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Oscar Wilde on Death

(this story appears in Old Roads and Shadows, an eBook )


Oscar Wilde on Death

Death must be so beautiful. To lie in the soft brown earth, with the grasses waving above one's head, and listen to silence. To have no yesterday, and no tomorrow. To forget time, to forgive life, to be at peace. -Oscar Wilde, writer (1854-1900)
I came across this quote from Oscar Wilde several weeks ago and the words have been turning over in my mind ever since. The feelings these words induce are so foreign to the usual emotions that follow the comments of the acerbic and sarcastic Wilde, the writer known for his cutting wit. The quote appeared alongside a remembrance from a widower that recalled the time his dying wife had asked him what he thought death might be like, and his answer was that we probably just disappeared into nothingness. He followed this by saying he wished he had known about this comment on death by Wilde, how much more comforting the words would have been to his wife at the time.
Surely, in today's modern world of speed and steel, complete with bullet trains, planes, and cars, sudden death is often not a pretty thing to see. Yet death comes to us all and whatever our beliefs might be as to what, if anything, awaits us after our demise, we all must return through the portal to that deep and inscrutable well from which all of existence has sprung. So, with that thought in mind, I continued to ponder the flow of the words and the images left in their wake.
The idea of the grave as a friendly place is not necessarily an unpleasant thought, to lie in the soft brown welcoming earth with grasses waving above one's head and listen to the silence that surrounds you. And even though in today's world many people choose alternatives to actual burial, the rest of Wilde's thought is still emotionally strong. To have no yesterday and no tomorrow is to exist in the moment only, something that is hard for temporal creatures such as you and me to fully understand. To forget time is to be nothing short of immortal. To forgive life is to acknowledge the fact that life threw us all into this existence with no regards for the problems we had to face, be they physical or mental, cultural or environmental. In our own personal ways, we all have endured the slings and arrows of outrageous fortune and carried our own problems and deformities into a future that at times was dark and ominous, terrifying and sinister. Yes, we can, and should, forgive life, and finally be at peace with the world and with ourselves.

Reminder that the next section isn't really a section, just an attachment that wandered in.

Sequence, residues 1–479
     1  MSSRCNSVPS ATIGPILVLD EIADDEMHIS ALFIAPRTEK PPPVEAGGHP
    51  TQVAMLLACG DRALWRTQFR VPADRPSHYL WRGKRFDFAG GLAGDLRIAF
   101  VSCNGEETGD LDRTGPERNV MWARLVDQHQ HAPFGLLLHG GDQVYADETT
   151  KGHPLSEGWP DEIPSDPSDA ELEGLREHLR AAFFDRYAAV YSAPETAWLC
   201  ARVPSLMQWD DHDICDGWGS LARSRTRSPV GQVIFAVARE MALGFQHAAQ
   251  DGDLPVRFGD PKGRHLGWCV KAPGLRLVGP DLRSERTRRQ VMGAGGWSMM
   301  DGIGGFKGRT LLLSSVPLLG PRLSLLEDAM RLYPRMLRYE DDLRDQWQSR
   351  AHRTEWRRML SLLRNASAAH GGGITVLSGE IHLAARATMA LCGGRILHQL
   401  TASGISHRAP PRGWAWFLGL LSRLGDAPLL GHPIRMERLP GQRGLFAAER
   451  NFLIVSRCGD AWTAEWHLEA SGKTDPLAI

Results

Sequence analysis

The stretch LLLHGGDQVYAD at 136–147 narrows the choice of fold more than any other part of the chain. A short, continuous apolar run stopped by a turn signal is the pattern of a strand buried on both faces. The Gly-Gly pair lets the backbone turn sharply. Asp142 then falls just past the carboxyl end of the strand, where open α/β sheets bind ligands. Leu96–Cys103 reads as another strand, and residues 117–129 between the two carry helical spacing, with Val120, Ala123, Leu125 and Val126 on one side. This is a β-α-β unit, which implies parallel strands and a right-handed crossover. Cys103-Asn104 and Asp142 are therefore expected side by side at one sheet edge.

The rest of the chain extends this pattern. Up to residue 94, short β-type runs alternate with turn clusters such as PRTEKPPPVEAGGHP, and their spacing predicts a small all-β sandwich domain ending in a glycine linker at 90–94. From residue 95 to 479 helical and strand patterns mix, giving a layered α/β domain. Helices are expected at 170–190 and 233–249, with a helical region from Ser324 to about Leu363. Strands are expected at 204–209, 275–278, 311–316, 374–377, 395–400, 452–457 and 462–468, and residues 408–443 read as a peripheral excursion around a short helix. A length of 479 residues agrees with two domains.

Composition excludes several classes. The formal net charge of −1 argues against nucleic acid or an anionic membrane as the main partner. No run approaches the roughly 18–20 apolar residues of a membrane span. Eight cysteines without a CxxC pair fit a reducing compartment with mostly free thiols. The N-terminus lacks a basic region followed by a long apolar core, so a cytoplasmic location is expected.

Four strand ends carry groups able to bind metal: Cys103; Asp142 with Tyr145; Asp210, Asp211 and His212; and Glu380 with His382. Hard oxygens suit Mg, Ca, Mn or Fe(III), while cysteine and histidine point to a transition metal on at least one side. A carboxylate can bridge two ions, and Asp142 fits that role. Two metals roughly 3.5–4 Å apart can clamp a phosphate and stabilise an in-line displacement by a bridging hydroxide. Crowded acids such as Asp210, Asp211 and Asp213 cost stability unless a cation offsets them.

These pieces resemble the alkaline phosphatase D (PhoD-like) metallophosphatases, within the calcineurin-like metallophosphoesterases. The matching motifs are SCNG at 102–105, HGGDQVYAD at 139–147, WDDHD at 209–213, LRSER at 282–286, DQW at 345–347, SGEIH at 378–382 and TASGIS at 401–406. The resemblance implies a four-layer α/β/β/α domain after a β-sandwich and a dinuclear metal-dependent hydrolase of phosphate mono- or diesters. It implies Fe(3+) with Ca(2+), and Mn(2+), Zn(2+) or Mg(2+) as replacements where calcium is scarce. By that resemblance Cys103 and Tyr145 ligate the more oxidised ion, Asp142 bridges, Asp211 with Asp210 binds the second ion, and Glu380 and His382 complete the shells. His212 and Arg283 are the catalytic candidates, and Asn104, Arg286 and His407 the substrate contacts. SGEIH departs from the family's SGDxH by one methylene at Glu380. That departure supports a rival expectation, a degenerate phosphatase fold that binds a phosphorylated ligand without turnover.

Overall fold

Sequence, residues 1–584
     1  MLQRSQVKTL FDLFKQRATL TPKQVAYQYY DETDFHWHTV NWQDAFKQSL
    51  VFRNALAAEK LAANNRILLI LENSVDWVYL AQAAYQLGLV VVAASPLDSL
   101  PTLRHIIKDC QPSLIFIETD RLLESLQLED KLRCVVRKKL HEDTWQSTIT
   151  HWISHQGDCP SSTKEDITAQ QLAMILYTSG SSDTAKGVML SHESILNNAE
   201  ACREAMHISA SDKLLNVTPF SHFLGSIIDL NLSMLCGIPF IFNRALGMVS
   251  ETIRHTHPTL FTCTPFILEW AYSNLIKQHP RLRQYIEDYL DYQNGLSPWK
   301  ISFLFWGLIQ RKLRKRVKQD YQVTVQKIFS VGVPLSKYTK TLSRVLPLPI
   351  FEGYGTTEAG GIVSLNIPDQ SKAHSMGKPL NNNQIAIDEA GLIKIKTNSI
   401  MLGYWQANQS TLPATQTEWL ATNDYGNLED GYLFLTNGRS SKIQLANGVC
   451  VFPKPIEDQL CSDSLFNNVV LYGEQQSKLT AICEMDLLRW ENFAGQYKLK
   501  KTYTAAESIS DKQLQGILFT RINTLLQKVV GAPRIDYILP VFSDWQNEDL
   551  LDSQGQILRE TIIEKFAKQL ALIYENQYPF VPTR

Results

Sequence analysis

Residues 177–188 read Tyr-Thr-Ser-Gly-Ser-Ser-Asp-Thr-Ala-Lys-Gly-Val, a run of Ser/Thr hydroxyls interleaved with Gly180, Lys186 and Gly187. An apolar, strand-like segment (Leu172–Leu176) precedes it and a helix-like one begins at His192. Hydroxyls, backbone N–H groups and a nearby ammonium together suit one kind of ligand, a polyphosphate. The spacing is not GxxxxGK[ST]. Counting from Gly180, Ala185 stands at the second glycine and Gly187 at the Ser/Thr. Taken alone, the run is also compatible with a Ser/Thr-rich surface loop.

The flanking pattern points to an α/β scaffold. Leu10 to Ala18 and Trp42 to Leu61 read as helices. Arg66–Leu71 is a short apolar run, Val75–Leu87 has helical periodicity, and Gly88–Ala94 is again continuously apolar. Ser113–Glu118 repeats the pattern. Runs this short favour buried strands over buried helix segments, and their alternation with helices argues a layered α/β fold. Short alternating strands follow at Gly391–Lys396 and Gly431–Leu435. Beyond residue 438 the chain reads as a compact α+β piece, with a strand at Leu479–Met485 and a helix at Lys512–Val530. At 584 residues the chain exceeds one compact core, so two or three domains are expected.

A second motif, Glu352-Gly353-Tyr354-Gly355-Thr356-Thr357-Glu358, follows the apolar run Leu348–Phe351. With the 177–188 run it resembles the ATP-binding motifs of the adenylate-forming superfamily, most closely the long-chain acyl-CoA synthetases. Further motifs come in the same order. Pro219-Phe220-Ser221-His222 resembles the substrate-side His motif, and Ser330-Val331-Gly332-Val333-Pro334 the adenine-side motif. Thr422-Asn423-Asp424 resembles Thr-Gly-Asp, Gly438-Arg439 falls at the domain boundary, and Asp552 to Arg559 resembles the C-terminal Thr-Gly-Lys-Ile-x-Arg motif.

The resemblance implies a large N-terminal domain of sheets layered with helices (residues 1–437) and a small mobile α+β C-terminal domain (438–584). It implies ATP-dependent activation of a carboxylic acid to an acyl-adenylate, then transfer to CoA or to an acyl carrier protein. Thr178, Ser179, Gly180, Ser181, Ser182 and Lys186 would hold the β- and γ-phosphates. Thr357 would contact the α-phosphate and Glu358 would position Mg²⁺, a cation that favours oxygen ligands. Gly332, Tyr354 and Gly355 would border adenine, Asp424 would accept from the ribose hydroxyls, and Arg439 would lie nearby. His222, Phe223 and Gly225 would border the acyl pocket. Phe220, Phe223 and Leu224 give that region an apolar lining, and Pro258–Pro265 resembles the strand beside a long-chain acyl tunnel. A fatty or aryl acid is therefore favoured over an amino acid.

I thought again about the last ten words of that quote. "To forget time, to forgive life, to be at peace," and was moved by the power and feeling inherent in such a succinct statement on what it meant to come to the end of one's life with a full realization of what that entails, to contemplate the end of being, to experience the final emotions of being human. I also realized that if I could ever look at ten words that I had penned and know that, as with Wilde's passage, the words pertained to all of humanity and carried within them the same import and solemn beauty, then I could be at peace and say yes, I really did become a writer of the first rank. Yet if I did not become such an artist, then the fact that I lived, strived, and suffered would be enough.

And after enduring the pain and heartache, the suffering, the striving, and all the other torments that human flesh is heir to, I too, could forget time, forgive life, and be at peace.

Laudizen King
November 2009
Los Angeles